Who Says Sloths Are Slow?

SlothSometimes, if the boat we are using is small enough and the water level sufficiently high, we like to wander upstream on tiny tributaries of the Amazon. There is something exhilarating about easing up a blackwater stream with treetops so close you are practically sitting among them. Riding a couple of days like this is a great way to see wildlife, and it can be done from the comfort of a rooftop chair, with bird book and binoculars in hand. It is an endless sea of green, punctuated by the bright colors of a flowering bromeliad or orchid. Sunrise is so exciting we often are late going down to the dining room for breakfast.

But it's addictive and sometimes we find ourselves just wanting to see what's around the next bend and this goes on until the boat is literally floating beneath overhanging branches. Recently, as we slowly negotiated a bend in the Tigrillo River, we paused for a few minutes and one of our young guide trainees spotted a large female sloth (properly called the Brown-chinned three-toed Sloth) up a branch that was directly over the roof of the boat.

Full of energy and eager to please, he leapt straight up and hung from the branch and began advancing hand-over-hand up towards the resting sloth. Now, sloths are easy going and we have seen many of them feed as soon as they are lifted from their perch or even go straight to sleep. So, the prospect of this young fellow bringing the sloth close for photographs was not a bad one.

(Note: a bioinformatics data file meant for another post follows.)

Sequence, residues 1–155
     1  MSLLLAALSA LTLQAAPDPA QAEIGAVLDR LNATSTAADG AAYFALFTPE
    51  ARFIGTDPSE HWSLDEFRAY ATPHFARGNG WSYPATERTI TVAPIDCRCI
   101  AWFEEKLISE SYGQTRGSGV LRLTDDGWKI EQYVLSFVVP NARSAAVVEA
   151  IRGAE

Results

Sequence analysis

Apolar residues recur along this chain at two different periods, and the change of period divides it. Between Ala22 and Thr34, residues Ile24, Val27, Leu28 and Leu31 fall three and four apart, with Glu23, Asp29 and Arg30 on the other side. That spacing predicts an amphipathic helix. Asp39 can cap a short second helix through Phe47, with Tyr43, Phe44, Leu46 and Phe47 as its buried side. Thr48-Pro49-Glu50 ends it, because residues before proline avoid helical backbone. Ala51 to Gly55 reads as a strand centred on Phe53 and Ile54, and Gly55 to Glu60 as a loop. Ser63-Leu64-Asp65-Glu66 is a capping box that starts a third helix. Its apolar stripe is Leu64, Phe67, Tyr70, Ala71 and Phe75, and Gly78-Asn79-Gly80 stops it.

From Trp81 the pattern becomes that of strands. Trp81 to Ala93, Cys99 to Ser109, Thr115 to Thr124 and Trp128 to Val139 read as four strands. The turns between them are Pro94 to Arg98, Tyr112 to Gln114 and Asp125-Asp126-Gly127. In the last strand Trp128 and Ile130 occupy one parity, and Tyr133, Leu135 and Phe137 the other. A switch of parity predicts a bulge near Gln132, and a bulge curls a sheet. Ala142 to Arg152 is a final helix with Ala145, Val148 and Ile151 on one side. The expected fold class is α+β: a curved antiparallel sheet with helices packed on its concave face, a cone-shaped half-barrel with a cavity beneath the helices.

However, the sloth did not share this philosophy.  As soon as she woke up and saw the youngster closing in, she made a hissing noise and began descending the branch towards him.  And she did so rapidly! 

Sloth attack

When “Tarzan” realized the sloth was not going along with the program, his eyes widened and he reversed direction and began descending the branch with the sloth gaining rapidly.  Everyone was in hysterics.  In a scene reminiscent of the cartoons, our hero was in a panic.  With peals of laughter as a backdrop, it became a race between man and sloth.  Realizing she would win, and not wanting to have a sloth in his face, the guide let go of the branch and dropped to the roof of the boat.  None the worse for the wear but clearly outclassed by the sloth, he stared up at her as the boat continued upstream.

Brown-chinned Three-toed Sloths (Bradypus tridactylus marmoratus) descend from the relative safety of the treetops for several reasons and one of them is the occasional need to change trees. If that occurs during high waters when much of the Amazonian rainforest is inundated, then swimming is required. And it turns out that sloths are quite good at it!

Sloth swimming